“We’re looking at backup plans,” Smith says, in some cases drawing on lessons the company learned during the COVID pandemic to help it navigate the possibility of losing a shipper.
“The one thing we learned [from COVID] was that something of that magnitude can happen,” he recalls. “To see how quickly costs went up on things, spiraling out of control, and not being able to do anything about it other than suck it up and, unfortunately, pass it on. Everyone has reached a different level of preparedness, but does that mean we’re going to be ready? There’s so many variables it’s hard to know.”
Smith is calling this the “Summer of Strikes,” saying his company is also watching a Canadian longshoreman’s strike that will impact product coming into Vancouver and other ports. He says he hopes the UPS strike is averted.
“I’m guessing it would take some government support or intervention to get it where it needs to go,” Smith says.
Taking up the slack
FedEx is already preparing for UPS workers to walk.
It says it is accepting additional volume, but the carrier’s priority is protecting capacity and service for existing customers.
“Shippers who are considering shifting volume to FedEx or are currently in discussions with the company to open a new account are encouraged to begin shipping with FedEx now,” the company says.
MSU’s Miller says according to the Census Bureau’s Quarterly Services Survey, there was a sharp drop in seasonally adjusted courier and messenger revenue in the first quarter of 2023.
“Based on these data, inflation adjusted revenue in Q1 2023 was down 11% from Q1 2022 and has regressed back to levels we saw in Q2 2020. Revenue, in contrast, remains quite high due to price increases. This is a good thing for shippers, because had a strike occurred in 2020 through the first half of 2022 (and especially Q4 2020-Q4 2021), it would have been far more disruptive because there was no excess capacity at the time,” Miller says. “My sense is that 20% of UPS’ volume could be absorbed by the remaining parcel carriers.”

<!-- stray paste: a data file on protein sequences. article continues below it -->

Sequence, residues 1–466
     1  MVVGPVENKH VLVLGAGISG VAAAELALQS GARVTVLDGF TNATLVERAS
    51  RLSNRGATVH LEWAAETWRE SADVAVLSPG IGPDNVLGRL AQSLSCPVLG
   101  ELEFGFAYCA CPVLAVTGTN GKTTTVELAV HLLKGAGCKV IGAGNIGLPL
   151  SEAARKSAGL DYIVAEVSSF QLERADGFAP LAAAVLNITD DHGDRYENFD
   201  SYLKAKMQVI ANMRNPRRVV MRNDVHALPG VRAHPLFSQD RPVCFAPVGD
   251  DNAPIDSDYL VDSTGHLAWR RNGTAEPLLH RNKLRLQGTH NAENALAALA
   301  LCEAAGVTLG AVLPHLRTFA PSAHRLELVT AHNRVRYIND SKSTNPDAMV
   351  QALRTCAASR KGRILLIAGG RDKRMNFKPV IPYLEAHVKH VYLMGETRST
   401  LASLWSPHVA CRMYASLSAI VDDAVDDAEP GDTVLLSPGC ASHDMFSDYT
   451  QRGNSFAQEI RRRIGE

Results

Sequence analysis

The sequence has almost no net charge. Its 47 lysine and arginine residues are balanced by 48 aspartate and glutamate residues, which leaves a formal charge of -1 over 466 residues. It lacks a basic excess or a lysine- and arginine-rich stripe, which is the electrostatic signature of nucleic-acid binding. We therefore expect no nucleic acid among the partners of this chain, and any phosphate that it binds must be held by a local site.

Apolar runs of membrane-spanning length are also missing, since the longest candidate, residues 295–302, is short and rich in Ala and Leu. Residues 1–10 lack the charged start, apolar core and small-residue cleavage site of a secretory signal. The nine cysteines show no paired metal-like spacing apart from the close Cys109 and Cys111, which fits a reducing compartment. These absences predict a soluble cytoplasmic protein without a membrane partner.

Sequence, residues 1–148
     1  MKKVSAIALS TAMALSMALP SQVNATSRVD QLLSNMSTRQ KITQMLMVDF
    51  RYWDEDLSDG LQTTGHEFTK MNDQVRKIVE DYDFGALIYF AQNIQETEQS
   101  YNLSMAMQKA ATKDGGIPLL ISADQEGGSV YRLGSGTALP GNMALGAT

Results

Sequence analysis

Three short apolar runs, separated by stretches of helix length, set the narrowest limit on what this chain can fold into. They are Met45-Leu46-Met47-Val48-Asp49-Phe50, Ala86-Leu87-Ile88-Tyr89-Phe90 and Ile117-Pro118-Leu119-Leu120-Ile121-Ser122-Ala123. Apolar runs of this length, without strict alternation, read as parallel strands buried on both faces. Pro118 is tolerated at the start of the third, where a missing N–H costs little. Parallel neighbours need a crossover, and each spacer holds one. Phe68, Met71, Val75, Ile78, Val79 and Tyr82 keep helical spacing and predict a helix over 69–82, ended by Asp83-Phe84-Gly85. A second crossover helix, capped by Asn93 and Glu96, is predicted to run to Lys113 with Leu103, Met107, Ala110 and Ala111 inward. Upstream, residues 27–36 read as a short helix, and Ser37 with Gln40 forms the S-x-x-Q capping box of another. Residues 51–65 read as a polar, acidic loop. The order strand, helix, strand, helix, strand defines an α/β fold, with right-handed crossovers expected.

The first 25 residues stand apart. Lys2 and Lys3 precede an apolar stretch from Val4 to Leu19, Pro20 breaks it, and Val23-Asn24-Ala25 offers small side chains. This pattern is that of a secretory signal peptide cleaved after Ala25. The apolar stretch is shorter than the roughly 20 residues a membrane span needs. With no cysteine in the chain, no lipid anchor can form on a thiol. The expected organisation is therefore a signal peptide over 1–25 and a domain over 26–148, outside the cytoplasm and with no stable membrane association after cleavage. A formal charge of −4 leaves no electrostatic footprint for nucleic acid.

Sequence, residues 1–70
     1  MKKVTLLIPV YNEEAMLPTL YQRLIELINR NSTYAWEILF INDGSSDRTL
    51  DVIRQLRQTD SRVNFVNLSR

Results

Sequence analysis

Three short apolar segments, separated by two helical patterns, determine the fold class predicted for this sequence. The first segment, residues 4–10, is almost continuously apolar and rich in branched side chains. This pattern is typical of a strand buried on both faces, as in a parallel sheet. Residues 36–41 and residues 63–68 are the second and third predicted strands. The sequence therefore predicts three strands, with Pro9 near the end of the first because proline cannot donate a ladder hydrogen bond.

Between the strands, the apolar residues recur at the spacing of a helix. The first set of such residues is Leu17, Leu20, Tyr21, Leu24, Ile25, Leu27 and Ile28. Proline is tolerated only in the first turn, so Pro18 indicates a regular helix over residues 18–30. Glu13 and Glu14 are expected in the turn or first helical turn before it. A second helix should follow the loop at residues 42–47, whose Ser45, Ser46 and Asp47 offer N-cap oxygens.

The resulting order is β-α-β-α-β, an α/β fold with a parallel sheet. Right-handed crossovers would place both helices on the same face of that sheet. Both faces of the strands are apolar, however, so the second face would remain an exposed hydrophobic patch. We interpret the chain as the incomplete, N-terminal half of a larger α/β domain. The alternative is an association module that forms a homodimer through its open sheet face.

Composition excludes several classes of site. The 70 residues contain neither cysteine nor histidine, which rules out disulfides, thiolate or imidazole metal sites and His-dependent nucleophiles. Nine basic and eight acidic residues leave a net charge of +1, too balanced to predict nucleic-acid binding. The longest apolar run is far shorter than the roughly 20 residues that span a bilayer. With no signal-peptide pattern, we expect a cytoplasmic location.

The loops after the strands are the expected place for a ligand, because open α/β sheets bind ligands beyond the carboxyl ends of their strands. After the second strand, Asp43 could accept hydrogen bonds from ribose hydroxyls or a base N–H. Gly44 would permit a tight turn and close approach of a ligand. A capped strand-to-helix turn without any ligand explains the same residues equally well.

He told TPS sister publication Commercial Carrier Journal, for the parcel space, losing UPS would be “highly disruptive.” The top four firms — UPS, FedEx, the USPS and Amazon’s fleet — handle 91% of industry output. “So we know that losing UPS will be very highly disruptive for parcel delivery. The biggest beneficiary will be FedEx,” he says.
What you need to do
Miller says FedEx is right. Shippers using UPS need to establish relationships with new shippers as soon as possible to ensure their packages keep moving.
Smith says Sirco has “tremendous” relationships with other shippers it hopes to leverage should it lose UPS or any other major part of its logistics pipeline.
“For smaller shippers, establish relationships with 3PLs that specialize in parcel aggregation,” Miller says. “Pitney Bowes is one of the first names that comes to mind. Stock up on inventories of items that are shipped from your vendors using UPS. For example, if I was a defense contractor and knew that many shipments of electrical components came from an electrical component wholesaler that uses UPS, I may add another few weeks of supply to hedge against possible disruptions.
Smith goes back to something learned during COVID.
“Just be aware and know what you’ve got to do next to get the job done.”